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Valentino (1951 film)
Valentino (1951 film)

Valentino is a 1951 American Technicolor adventure drama film directed by Lewis Allen and starring Eleanor Parker, Richard Carlson and Patricia Medina.


Rudolph Valentino arrives in America and becomes a film star. He falls in love with an actress and dies an early death.



Edward Small had announced the project in 1938, with Jack Dunn first mooted to play the title role as a follow up to his debut in The Duke of West Point.[3] However the film had been delayed by script troubles, legal threats, the war, troubles making a movie with the lead character was Italian, and looking for the right actor to play the lead.[4]

Florence Ryan wrote a script in 1939 but this was often rewritten.[5] Others who worked on it (there were an estimated over 30 drafts) include Edward Chodorov, Stephen Longstreet, Sheridan Gibney, Frederick J. Jackson, Virginia Van Upp and George Oppenheimer.[6][7] Eventual director Lewis Allen described the film as "an imaginary, romantic story with acting as a background."[8] Edward Small could not get clearance from either of Valentino's wives, Jean Acker or Natacha Rambova so the script did not feature either; instead he has three fictitious lovers in the film, one of whom is his married co-star

Del Casino and Louis Hayward were mentioned as early possibilities.[9][10] In 1946 it was announced Small tried to secure Cornel Wilde for the lead but was unable to.[11] Frederik Vayder auditioned and Louis Jourdan, Helmut Dantine and John Derek were also considered.[12][13][14]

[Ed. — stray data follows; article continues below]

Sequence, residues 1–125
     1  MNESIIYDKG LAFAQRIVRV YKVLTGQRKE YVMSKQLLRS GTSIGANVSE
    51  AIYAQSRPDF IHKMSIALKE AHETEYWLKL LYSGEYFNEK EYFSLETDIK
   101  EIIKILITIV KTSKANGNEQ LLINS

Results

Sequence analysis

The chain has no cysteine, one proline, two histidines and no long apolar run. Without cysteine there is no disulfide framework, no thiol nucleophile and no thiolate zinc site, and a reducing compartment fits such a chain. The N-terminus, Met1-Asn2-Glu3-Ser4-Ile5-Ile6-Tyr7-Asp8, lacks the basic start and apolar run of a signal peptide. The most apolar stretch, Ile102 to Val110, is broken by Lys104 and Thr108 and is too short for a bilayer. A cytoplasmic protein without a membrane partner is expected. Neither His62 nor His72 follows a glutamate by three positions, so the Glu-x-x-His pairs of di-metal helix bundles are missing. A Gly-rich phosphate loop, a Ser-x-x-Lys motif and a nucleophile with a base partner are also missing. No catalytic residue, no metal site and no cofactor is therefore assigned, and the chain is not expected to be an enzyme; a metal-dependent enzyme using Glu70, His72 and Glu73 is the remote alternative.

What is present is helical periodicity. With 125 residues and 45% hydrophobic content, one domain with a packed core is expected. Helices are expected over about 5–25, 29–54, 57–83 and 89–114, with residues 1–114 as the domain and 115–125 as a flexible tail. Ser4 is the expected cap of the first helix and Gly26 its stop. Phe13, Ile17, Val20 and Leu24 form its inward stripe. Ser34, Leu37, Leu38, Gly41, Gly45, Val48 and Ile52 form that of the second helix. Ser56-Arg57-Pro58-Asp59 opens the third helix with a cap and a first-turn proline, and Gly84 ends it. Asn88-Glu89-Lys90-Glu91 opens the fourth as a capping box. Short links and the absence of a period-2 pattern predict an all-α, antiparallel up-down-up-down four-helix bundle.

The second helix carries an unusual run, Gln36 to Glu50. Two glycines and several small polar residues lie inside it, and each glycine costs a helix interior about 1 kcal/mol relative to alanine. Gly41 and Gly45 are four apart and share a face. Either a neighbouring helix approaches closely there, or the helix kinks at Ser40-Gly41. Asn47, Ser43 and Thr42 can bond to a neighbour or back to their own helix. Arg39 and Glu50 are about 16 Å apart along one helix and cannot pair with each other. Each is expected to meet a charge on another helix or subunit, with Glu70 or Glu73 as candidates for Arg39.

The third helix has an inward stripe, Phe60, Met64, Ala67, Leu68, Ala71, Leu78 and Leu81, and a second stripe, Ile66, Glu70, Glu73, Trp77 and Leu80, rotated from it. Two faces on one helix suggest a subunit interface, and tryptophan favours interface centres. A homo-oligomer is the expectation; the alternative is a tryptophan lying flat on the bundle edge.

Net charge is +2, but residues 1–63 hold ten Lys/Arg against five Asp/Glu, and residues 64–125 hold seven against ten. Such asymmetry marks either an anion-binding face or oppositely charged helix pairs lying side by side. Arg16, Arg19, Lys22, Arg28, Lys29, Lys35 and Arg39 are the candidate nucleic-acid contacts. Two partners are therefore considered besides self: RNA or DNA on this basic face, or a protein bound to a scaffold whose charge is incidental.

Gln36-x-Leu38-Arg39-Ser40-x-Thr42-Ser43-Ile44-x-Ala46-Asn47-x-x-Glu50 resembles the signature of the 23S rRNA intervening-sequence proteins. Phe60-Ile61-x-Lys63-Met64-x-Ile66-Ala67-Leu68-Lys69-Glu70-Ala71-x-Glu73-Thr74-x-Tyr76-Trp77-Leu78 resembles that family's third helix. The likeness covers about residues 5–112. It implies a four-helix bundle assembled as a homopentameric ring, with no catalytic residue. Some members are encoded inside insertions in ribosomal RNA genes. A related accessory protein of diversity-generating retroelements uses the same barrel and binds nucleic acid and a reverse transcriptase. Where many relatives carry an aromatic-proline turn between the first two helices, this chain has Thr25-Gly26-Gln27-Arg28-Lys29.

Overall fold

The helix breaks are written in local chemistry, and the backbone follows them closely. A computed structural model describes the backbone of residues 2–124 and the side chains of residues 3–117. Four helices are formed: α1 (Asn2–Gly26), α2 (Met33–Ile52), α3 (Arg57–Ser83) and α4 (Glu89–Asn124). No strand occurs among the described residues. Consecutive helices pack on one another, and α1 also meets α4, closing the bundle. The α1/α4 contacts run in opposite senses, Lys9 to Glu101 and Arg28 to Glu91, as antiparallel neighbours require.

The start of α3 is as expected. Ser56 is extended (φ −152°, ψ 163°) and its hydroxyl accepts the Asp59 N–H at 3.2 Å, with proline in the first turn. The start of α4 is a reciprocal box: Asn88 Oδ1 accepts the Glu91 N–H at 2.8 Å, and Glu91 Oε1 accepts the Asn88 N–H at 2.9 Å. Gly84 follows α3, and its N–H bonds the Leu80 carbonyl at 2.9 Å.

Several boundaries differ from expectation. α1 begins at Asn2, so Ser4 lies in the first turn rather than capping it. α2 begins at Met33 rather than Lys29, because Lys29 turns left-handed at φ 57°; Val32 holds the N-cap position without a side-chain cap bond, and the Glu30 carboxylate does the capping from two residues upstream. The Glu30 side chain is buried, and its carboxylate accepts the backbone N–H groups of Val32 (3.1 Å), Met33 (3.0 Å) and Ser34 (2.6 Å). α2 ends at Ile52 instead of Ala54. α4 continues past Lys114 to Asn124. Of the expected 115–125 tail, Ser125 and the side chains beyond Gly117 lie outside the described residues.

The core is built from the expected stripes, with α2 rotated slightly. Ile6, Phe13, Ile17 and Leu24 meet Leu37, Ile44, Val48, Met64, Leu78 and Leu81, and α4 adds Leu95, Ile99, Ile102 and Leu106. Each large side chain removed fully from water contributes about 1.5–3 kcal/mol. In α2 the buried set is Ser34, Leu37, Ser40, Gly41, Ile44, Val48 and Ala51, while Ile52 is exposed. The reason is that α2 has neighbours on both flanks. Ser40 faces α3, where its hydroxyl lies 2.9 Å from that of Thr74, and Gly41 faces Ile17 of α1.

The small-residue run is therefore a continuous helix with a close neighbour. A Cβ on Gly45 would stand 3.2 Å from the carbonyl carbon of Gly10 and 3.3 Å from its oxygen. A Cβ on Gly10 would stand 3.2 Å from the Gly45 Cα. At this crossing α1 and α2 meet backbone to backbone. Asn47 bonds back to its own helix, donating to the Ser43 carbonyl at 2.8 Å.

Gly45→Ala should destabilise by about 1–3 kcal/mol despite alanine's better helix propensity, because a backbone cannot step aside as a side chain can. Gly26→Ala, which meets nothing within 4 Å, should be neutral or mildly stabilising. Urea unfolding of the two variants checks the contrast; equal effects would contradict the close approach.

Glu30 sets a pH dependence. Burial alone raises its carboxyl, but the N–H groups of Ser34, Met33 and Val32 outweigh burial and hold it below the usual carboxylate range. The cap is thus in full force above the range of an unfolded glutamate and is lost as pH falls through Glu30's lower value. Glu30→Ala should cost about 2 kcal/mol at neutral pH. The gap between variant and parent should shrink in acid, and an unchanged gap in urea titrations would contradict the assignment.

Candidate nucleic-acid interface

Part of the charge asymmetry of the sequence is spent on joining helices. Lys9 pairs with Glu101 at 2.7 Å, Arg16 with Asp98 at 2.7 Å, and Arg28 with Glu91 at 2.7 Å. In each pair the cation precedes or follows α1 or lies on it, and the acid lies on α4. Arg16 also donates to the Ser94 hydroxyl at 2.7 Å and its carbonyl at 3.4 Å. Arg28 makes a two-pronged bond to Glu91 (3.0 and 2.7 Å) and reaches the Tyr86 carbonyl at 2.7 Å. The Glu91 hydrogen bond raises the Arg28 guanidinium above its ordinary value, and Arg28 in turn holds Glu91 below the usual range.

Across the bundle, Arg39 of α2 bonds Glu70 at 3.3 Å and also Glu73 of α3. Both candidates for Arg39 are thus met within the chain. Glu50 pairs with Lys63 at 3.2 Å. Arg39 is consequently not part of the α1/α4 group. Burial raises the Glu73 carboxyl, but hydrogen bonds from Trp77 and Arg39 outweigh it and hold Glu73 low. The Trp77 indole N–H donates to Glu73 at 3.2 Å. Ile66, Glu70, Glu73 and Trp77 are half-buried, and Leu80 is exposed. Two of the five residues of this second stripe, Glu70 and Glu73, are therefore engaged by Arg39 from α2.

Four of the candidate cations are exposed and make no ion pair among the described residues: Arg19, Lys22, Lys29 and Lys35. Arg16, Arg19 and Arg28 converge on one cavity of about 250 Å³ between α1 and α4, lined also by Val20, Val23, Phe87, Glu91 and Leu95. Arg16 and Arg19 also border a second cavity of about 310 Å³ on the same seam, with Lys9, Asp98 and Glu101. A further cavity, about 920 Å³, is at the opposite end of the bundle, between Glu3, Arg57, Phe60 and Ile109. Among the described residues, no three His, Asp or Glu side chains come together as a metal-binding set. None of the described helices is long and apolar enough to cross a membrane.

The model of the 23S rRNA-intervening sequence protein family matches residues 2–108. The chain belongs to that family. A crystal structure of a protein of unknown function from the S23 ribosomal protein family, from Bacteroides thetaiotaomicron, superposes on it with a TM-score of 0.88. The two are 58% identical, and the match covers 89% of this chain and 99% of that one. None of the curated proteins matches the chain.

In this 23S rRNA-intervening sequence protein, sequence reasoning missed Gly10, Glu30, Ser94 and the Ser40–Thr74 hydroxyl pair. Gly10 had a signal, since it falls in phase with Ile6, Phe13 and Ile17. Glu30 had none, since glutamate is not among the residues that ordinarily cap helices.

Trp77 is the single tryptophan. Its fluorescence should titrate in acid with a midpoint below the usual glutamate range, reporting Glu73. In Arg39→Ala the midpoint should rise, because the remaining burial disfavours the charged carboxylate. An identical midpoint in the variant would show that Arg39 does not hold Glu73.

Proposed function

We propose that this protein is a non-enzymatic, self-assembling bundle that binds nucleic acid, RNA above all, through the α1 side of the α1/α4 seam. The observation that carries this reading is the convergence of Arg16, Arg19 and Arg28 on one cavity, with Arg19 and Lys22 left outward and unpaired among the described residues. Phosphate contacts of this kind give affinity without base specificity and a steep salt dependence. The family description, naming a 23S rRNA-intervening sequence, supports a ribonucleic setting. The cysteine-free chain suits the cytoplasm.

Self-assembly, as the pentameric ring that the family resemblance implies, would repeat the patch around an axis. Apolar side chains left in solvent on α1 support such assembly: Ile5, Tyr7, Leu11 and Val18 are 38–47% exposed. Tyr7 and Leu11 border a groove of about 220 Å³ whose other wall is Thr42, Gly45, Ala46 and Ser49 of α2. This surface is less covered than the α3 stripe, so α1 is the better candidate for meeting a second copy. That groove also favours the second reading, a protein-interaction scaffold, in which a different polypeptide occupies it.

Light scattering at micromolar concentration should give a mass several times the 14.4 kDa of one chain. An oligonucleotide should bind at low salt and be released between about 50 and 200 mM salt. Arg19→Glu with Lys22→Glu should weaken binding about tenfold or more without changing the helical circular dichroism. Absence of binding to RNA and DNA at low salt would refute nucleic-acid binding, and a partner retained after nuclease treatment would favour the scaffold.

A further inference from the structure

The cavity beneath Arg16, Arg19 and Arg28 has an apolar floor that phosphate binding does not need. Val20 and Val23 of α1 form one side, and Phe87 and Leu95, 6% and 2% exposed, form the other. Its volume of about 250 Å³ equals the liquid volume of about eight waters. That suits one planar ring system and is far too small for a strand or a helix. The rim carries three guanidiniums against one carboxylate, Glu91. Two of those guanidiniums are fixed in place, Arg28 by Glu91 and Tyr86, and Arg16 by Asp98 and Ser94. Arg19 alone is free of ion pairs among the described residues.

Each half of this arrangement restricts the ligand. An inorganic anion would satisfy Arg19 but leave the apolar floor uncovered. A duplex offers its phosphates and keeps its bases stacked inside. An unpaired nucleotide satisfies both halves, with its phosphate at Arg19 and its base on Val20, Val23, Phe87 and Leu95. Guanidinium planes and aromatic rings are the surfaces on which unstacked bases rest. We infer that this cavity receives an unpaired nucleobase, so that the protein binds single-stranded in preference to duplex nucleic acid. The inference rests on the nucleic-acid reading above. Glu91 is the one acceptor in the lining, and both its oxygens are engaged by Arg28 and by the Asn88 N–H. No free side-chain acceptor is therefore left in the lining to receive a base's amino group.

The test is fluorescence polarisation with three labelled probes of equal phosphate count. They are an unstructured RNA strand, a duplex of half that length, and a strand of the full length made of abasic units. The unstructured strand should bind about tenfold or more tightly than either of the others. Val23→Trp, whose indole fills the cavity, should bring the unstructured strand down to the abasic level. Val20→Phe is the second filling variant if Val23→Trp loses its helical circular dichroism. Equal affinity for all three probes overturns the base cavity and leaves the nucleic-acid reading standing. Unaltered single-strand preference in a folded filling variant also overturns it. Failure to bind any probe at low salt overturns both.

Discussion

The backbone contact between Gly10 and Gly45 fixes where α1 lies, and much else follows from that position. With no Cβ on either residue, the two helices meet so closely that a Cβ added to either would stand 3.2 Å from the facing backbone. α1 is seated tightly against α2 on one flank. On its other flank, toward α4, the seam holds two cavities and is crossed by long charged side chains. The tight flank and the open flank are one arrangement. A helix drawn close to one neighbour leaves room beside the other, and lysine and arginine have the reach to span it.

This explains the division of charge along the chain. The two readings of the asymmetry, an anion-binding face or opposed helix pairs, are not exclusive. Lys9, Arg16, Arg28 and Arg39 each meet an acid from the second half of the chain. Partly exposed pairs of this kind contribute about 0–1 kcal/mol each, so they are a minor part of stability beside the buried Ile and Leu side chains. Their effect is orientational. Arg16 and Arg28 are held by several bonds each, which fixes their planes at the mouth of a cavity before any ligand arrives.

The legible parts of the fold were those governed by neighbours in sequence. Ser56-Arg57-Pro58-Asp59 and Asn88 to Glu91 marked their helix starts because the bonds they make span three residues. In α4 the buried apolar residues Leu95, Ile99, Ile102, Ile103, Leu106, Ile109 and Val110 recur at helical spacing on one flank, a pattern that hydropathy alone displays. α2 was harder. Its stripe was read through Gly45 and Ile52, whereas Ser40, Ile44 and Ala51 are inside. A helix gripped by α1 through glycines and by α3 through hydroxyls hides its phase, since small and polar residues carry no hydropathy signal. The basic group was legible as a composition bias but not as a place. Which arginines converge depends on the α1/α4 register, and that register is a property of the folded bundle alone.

The final script was heavily fictionalised to avoid lawsuits from Valentino's former wives, industry associates and his family namely his brother Alberto.[15]

Antony Dexter was selected over 2,000 actors who auditioned. He was under contract to Small for two years taking acting and dancing lessons before being used in the film.[16] Lewis Allen was hired from Paramount and was paid $60,000.[1]

In 1949 another producer Jan Grippo announced plans to make a rival project but eventually came to an agreement with Small; Grippo became an associate on the film.[17] (In the 1940s there was another proposed project starring Victor Mature and Pola Negri.[18])

Filming started on 2 June 1950 and took place at the Columbia Ranch and the Sam Goldwyn Studios. George Melford, who directed Valentino in the 1920s, had a supporting role.[19]

The film includes recreated sequences from such Valentino films as The Sheik (1921), Blood and Sand (1922), A Sainted Devil (1924) and The Eagle (1926).


Reviews were mostly poor.[20][21]

The film was one of Edward Small's few box office failures.[1] However it did well in South America where Anthony Dexter subsequently went on a dancing tour.[22]

It was announced that Dexter would appear in a remake of The Sheik (1921), the rights for which Small had purchased in order to show segments of that film in Valentino. However he only made one more film for Small - The Brigand - then they terminated their contract by mutual agreement.[23]

Alice Terry sued the filmmakers for $750,000 complaining she was depicted in the film as carrying out an illicit love affair while still being married. Valentino's brother and sister launched a $500,000 lawsuit against the filmmakers. Both cases settled out of court.[24][25]

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